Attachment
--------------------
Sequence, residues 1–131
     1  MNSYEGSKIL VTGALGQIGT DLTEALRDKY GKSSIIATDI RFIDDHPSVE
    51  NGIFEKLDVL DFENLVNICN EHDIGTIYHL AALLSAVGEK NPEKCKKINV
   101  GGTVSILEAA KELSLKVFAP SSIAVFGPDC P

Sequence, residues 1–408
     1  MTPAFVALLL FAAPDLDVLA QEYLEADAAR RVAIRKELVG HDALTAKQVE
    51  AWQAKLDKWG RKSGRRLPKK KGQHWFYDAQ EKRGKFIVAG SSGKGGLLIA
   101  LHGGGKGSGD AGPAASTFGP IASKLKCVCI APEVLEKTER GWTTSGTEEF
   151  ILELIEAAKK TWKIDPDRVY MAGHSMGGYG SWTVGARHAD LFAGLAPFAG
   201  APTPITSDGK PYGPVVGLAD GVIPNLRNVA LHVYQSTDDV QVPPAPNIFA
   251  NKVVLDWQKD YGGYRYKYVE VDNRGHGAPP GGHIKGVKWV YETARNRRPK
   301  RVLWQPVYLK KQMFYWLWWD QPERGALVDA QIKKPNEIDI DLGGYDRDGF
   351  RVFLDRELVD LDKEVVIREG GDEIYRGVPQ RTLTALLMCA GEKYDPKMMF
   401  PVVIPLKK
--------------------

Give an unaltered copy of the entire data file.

Sequence, residues 1–131
     1  MNSYEGSKIL VTGALGQIGT DLTEALRDKY GKSSIIATDI RFIDDHPSVE
    51  NGIFEKLDVL DFENLVNICN EHDIGTIYHL AALLSAVGEK NPEKCKKINV
   101  GGTVSILEAA KELSLKVFAP SSIAVFGPDC P

Sequence, residues 1–408
     1  MTPAFVALLL FAAPDLDVLA QEYLEADAAR RVAIRKELVG HDALTAKQVE
    51  AWQAKLDKWG RKSGRRLPKK KGQHWFYDAQ EKRGKFIVAG SSGKGGLLIA
   101  LHGGGKGSGD AGPAASTFGP IASKLKCVCI APEVLEKTER GWTTSGTEEF
   151  ILELIEAAKK TWKIDPDRVY MAGHSMGGYG SWTVGARHAD LFAGLAPFAG
   201  APTPITSDGK PYGPVVGLAD GVIPNLRNVA LHVYQSTDDV QVPPAPNIFA
   251  NKVVLDWQKD YGGYRYKYVE VDNRGHGAPP GGHIKGVKWV YETARNRRPK
   301  RVLWQPVYLK KQMFYWLWWD QPERGALVDA QIKKPNEIDI DLGGYDRDGF
   351  RVFLDRELVD LDKEVVIREG GDEIYRGVPQ RTLTALLMCA GEKYDPKMMF
   401  PVVIPLKK